Have you ever wondered how to make system run faster in container?
How could it work?
Operating system has to
virtualize the events and forward them to the ETW session in the appropriate container. Since containers and the underlying host share a single kernel, the container’s base image OS version must match that of the host. If the versions are different, the container may start, but full functionally isn’t guaranteed:
Step one: Copy PerfView into container
Copy PerfView files via volume mechanism; I’ll re-use
logs folder for sake of speed:
Step two: Connect to container with cmd
List running containers via
docker container ls:
And connect to the Sitecore instance to profile (CM in our case) via
docker exec -i -t [container_id] cmd command.
Switch to exposed folder and verify PerfView is inside container:
Step three: Trigger collection
Prepare the scenario you want to profile, and trigger profiling via command:
PerfView.exe /AcceptEULA /threadTime /logFile=log.txt /LowPriority /maxCollectSec=80 collect -Providers:AFF081FE-0247-4275-9C4E-021F3DC1DA35,DD5EF90A-6398-47A4-AD34-4DCECDEF795F,7B6BC78C-898B-4170-BBF8-1A469EA43FC5
ETW providers installed inside container:
logman query providers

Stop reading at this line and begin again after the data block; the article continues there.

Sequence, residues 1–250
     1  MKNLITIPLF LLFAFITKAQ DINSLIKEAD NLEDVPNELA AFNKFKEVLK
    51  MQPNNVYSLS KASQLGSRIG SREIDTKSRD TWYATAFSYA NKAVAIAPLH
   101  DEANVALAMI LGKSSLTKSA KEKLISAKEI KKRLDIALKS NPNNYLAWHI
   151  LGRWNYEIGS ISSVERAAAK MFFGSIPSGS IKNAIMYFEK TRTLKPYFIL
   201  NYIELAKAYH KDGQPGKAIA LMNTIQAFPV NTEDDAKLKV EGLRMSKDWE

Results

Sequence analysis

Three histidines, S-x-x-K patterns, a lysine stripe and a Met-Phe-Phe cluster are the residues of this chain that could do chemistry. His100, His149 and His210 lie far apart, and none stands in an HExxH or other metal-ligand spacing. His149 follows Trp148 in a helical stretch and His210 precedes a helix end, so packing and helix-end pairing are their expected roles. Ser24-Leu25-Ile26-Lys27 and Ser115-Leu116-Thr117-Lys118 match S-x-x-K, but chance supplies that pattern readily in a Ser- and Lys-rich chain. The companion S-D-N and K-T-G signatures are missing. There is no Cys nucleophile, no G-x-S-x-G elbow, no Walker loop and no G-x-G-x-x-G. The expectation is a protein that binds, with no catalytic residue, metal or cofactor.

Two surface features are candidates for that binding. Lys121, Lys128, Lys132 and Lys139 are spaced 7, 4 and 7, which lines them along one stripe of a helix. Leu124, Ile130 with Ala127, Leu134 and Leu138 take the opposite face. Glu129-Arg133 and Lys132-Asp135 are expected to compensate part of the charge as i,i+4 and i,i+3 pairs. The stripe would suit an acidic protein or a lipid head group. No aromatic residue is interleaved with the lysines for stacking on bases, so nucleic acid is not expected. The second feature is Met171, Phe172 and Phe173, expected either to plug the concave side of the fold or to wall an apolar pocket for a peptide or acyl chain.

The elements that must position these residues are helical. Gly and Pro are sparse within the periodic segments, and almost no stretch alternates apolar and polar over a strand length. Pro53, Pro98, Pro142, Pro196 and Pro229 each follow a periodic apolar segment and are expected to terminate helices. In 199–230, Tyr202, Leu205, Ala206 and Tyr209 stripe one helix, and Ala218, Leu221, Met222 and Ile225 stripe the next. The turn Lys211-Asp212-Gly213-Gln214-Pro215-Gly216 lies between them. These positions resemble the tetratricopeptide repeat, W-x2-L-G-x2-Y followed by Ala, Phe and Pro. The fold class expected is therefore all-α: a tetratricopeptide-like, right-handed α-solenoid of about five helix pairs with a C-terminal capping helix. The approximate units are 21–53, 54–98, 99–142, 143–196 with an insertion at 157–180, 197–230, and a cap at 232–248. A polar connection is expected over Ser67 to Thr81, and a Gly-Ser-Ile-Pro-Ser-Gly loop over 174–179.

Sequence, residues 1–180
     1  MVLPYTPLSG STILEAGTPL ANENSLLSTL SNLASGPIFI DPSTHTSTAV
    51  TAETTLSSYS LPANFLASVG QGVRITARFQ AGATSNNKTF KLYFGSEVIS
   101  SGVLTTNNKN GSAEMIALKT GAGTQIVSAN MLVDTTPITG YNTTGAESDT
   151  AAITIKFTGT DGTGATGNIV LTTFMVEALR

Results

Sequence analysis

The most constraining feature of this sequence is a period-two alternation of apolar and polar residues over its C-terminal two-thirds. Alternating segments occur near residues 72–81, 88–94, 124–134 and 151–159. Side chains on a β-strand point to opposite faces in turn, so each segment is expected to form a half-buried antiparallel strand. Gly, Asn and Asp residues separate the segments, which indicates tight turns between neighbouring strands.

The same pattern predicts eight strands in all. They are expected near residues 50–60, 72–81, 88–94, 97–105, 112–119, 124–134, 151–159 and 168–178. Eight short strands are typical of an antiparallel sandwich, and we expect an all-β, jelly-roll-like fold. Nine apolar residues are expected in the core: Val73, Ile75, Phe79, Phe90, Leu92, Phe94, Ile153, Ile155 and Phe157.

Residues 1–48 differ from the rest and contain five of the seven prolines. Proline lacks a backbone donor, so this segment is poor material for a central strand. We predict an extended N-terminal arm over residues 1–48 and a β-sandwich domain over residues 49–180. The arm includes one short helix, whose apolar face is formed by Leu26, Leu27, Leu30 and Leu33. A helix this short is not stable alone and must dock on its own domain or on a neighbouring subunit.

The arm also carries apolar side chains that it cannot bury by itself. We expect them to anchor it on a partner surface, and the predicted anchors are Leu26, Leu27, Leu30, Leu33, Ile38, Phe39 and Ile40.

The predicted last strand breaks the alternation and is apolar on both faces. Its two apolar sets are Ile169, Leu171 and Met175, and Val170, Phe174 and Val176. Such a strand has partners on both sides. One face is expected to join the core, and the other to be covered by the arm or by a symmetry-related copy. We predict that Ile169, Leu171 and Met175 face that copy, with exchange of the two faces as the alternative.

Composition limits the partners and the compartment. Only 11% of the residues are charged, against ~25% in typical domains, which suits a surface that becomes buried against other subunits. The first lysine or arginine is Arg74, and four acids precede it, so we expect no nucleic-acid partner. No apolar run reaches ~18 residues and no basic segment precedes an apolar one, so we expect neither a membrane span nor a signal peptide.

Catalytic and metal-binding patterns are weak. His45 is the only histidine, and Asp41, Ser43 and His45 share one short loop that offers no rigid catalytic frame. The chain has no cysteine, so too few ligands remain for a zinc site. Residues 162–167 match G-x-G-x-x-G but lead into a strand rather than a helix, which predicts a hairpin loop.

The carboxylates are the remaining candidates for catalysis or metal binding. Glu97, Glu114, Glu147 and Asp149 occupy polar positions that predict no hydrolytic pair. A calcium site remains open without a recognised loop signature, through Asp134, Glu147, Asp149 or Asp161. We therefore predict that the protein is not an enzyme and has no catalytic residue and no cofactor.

Step four: Is collection running?
Even though it might look like nothing has happened upon invoking the PerfView, it is collecting stuff that is confirmed by
PerfView logging started at 9/2/2020 3:55:31 PM [EXECUTING: PerfView /AcceptEULA /threadTime /logFile=log.txt /LowPriority /maxCollectSec=80 collect -Providers:AFF081FE-0247-4275-9C4E-021F3DC1DA35,DD5EF90A-6398-47A4-AD34-4DCECDEF795F,7B6BC78C-898B-4170-BBF8-1A469EA43FC5] Circular buffer size = 0, setting to 500. [Kernel Log: C:\inetpub\wwwroot\App_Data\logs\PerfView\PerfViewData.kernel.etl] Kernel keywords enabled: ThreadTime [User mode Log: C:\inetpub\wwwroot\App_Data\logs\PerfView\PerfViewData.etl] Enabling Provider:PerfViewLogger Level:Verbose Keywords:0xffffffffffffffff Stacks:0 Values: Guid:a8a71ac1-040f-54a2-07ca-00a89b5ab761 Turning on more CLR GC, JScript and ASP.NET Events.
What it was doing is launching the GUI, which you don’t see, and detaching from the current console. The profile becomes visible in PerfView folder once collection is done:
A quick look into flame graph shows some potential slow points to be addressed:
- The leftmost bar is DeviceDetection costing 10 % (or ~5.5 seconds) of time
- Middle bar is Nexus licensing check taking ~30 % (or ~16 seconds) of time
- The first bar is Analytics subsystem start taking ~57% (or ~30 seconds) of time
Definitely, the profile needs a deeper look in a separate article.
PerfView collection inside container runs in the same manner as in old good days, except lack of user interface. The only difference is usage of command line arguments.
All you need to do is copy PerfView inside container & launch it in correct point in time (slow operation).